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E. Raghava Warrier Vs. State of T.C. - Court Judgment

LegalCrystal Citation
SubjectService;Constitution
CourtKerala High Court
Decided On
Case NumberO.P. No. 177 of 1956 (E)
Judge
Reported inAIR1958Ker79; (1958)IILLJ76Ker
ActsConstitution of India - Articles 226, 311, 366 and 372; Travancore-cochin Administration and Application of Laws Act, 1125 - Sections 2
AppellantE. Raghava Warrier
RespondentState of T.C.
Appellant Advocate T.N. Subramonia Iyer and; S. Subramonia Iyer, Advs.
Respondent AdvocateGovt. Pleader
DispositionPetition dismissed
Cases ReferredIn Edward Mills Co. v. State of Ajmer
Excerpt:
- - we are in agreement with that decision and by parity of reasoning the same view must be taken as regards the service regulations and standing orders of cochin as well......who still remain in service.2. the first question for determination is whether a violation of the service regulations and standing orders, even if proved, is amenable to correction by this court under article 226 of the constitution. the answer will depend on whether they can be considered as 'an existing law' as defined in article 365 of the constitution or 'law in force' as defined in article 372 of the constitution or 'existing law of cochin' as defined in section 2 of the travancore-cochin administration and application of laws act, 1125.3. in edward mills co. v. state of ajmer, (s) air 1955 sc 25 (a), the supreme court said that 'an order must be a legislative and not an executive order before it can come within the definition of law' and in krishnadas v state of t. c., ilr (1955).....
Judgment:

M.S. Menon, J.

1. The petitioner is a professor in the Government College at Chittur. According to him the promotion of the 2nd respondent as a first grade professor of languages and the ranking of the petitioner as the 9th among the second grade professors constitute a violation of the Service Regulations and Standing Orders of the Government of Cochin. His contention is that he is senior to the 2nd respondent and the eight second grade professors ranked above him and that the Government's decision in that behalf violates the provisions of the said Regulations and Standing Orders. Of the eight persons ranked above the petitioner, three have retired and respondents 5 to 8 are the five who still remain in service.

2. The first question for determination is whether a violation of the Service Regulations and Standing Orders, even if proved, is amenable to correction by this Court under Article 226 of the Constitution. The answer will depend on whether they can be considered as 'an existing law' as defined in Article 365 of the Constitution or 'law in force' as defined in Article 372 of the Constitution or 'existing law of Cochin' as defined in Section 2 of the Travancore-Cochin Administration and Application of Laws Act, 1125.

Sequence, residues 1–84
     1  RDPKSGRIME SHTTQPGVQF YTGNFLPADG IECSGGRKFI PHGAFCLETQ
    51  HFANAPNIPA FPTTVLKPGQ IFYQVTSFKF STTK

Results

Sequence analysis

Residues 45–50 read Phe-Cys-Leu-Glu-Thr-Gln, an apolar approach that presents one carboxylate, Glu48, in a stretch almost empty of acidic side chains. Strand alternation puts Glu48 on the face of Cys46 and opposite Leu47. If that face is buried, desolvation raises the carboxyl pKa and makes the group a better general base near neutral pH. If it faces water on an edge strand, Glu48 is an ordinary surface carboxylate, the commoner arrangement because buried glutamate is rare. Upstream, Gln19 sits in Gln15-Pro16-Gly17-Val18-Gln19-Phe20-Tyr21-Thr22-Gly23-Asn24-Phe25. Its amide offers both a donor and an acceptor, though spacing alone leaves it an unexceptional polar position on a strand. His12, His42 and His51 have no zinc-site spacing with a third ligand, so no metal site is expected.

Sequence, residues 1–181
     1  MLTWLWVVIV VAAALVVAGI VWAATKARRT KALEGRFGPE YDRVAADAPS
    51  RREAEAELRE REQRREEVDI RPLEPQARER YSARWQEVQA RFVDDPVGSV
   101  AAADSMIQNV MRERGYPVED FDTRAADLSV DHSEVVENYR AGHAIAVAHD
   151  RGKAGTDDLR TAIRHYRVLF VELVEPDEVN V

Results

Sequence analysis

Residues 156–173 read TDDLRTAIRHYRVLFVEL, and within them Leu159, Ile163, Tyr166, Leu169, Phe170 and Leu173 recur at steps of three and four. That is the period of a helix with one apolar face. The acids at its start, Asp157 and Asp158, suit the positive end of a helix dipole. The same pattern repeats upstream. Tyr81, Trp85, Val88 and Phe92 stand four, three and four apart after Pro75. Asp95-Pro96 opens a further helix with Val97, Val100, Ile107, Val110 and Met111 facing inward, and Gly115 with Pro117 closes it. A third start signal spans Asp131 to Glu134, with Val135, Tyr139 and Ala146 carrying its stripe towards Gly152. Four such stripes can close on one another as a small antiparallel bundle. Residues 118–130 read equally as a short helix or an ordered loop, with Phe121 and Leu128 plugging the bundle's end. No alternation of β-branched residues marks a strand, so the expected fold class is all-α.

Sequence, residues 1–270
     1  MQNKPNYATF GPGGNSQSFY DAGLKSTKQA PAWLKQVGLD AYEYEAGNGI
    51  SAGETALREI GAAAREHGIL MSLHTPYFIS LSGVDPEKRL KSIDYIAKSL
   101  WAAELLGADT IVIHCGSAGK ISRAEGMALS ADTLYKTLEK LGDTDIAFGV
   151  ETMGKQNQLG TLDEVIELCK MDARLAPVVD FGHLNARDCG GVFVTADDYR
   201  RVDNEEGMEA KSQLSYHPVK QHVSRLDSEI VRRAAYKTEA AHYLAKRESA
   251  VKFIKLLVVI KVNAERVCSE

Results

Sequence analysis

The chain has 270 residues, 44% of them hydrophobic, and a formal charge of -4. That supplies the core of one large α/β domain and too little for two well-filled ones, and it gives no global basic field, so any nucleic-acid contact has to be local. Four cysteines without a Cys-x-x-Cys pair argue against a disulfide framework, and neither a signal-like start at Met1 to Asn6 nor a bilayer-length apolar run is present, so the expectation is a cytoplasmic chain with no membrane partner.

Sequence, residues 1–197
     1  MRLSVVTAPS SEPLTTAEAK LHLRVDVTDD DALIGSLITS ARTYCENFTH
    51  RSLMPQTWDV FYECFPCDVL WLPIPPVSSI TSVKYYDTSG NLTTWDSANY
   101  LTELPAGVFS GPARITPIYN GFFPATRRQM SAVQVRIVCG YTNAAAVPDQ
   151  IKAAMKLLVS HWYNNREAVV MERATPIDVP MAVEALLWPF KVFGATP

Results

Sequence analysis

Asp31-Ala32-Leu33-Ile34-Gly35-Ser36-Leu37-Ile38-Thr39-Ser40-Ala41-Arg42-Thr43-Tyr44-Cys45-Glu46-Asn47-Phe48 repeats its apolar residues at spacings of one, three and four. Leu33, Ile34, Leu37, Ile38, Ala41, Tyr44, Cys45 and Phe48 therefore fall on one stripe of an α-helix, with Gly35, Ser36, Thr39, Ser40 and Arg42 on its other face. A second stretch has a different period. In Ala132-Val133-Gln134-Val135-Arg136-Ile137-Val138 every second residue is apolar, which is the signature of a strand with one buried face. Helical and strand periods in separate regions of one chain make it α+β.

3. In Edward Mills Co. v. State of Ajmer, (S) AIR 1955 SC 25 (A), the Supreme Court said that 'an order must be a legislative and not an executive order before it can come within the definition of law' and in Krishnadas v State of T. C., ILR (1955) Trav-Co 404 (B), this Court said that it is impossible to consider executive orders passed in the exercise of the executive-functions of the Cochin State as

''an existing law' as defined in Article 366 of the Constitution or 'law in force' as defined in Article 372 of the Constitution or 'existing law of Cochin' as defined in Section 2 of the Travancore-Co-chin Administration and Application of Laws Act, 1125'

4. in Krishna Pillai v State of T. C., ILR (1956) Trav-Co 1339 (C), this Court had to deal with the character of the Travancore Service Regulations and it was held that they constitute no more than executive order, a violation of which cannot be corrected under An. 226 of the Constitution. We are in agreement with that decision and by parity of reasoning the same view must be taken as regards the Service Regulations and Standing Orders of Cochin as well.

5. It follows that it is unnecessary to enter Into the merits of the case and that the petition should be dismissed. Order accordingly. No costs.


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